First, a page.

On Sept. 25, 2016, Claud “Tex” McIver was deep in debt, forced into a more limited role at work and about to turn 74 years old.
As state witness Dean Driskell — an accountant and a Georgia State University finance professor — put it, Tex was cash-poor and experiencing “financial stress.” And there didn’t seem to be any viable remedies.
McIver acknowledged as much in an email exchange with his wife, Diane, in July 2016, three months before that September night when he shot her in the back — accidentally, he says.
“I am seriously trying to reduce my monthly expenses,” he wrote. “Debt is my biggest obstacle right now. Plan on hitting the Lotto sometime this week.”
Diane McIver responded with signature tartness, referencing the caretaker at the couple’s Putnam County ranch.
“Make sure you read Javier’s job description,” she said. “That is your next life chapter. Save your moola. You will be standing there in the door with your hand out when I get home every Friday.”
“Back to gigoloing,” Tex McIver shot back.
For a second day, prosecutors delved deeply into the defendant’s bleak financial portfolio in an attempt to bolster what they say motivated McIver to kill his wife.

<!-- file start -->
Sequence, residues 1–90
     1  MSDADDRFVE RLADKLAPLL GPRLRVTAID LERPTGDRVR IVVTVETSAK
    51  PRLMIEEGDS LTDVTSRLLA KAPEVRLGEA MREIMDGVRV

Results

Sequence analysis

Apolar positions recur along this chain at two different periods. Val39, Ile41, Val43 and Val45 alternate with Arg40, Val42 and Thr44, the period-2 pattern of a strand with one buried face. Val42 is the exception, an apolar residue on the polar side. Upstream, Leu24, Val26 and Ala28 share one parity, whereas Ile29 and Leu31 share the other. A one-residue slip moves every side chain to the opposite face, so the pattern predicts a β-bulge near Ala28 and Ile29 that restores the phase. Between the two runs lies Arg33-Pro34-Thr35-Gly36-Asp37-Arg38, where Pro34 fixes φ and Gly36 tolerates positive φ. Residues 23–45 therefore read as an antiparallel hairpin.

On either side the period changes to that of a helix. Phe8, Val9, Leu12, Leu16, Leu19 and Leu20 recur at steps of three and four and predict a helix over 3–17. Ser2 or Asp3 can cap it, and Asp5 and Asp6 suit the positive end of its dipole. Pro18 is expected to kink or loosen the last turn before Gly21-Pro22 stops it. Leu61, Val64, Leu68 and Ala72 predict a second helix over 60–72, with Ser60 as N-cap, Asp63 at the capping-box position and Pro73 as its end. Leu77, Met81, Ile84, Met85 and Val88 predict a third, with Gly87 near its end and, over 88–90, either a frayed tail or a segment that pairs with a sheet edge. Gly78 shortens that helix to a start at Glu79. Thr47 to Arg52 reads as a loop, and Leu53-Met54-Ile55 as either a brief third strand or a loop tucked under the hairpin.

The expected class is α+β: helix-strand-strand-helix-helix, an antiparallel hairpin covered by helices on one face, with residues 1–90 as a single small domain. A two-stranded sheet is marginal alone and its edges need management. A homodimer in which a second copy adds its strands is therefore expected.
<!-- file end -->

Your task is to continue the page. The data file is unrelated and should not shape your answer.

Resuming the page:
The defense maintains that Diane McIver was worth more to her husband alive than dead, depending on how the numbers are crunched.
There’s no debating that McIver needed cash, and lots of it.
McIver’s income had “significantly deteriorated” from 2013 to September 2016, Driskell said. That was when McIver lost his post as an equity partner at the Fisher Phillips law firm. But even though his salary had plummeted by “more than half” during that period, he kept spending. Much of it went to the ranch, where the monthly upkeep was $20,000 to $25,000. As a result, there were frequent bank account overdrafts, Driskell testified.
“There was more money going out than he had coming in,” Driskell said. From 2013 through September 2016, McIver was more than $245,000 in the red and was filling the gap with his wife’s money.
Meanwhile, he was paying her tens of thousands of dollars a year to stay current on a $350,000 interest-only loan she had made to him.
While there was no hiding his financial situation from Diane, McIver portrayed a much rosier picture in a pair of television interviews recorded last April.
In the first clip, McIver claimed to be worth “two and a half times more” than his wife’s estate. According to Driskell, the opposite was true.
Tex McIver was worth about $1.7 million on the day of his wife’s death, the accounting professor said. He inherited an estimated $4 million from Diane.
“She was very successful in her own right, but I was more,” McIver said in an excerpt from the second interview played for jurors.
In that same interview, McIver said, “Guns are not my thing.” That was heard in the courtroom right after prosecutors showed jurors the 44 guns collected from McIver after his arrest.
It was another example of McIver’s sometimes complicated relationship with the truth and an effective coda for the trial’s 12th day.
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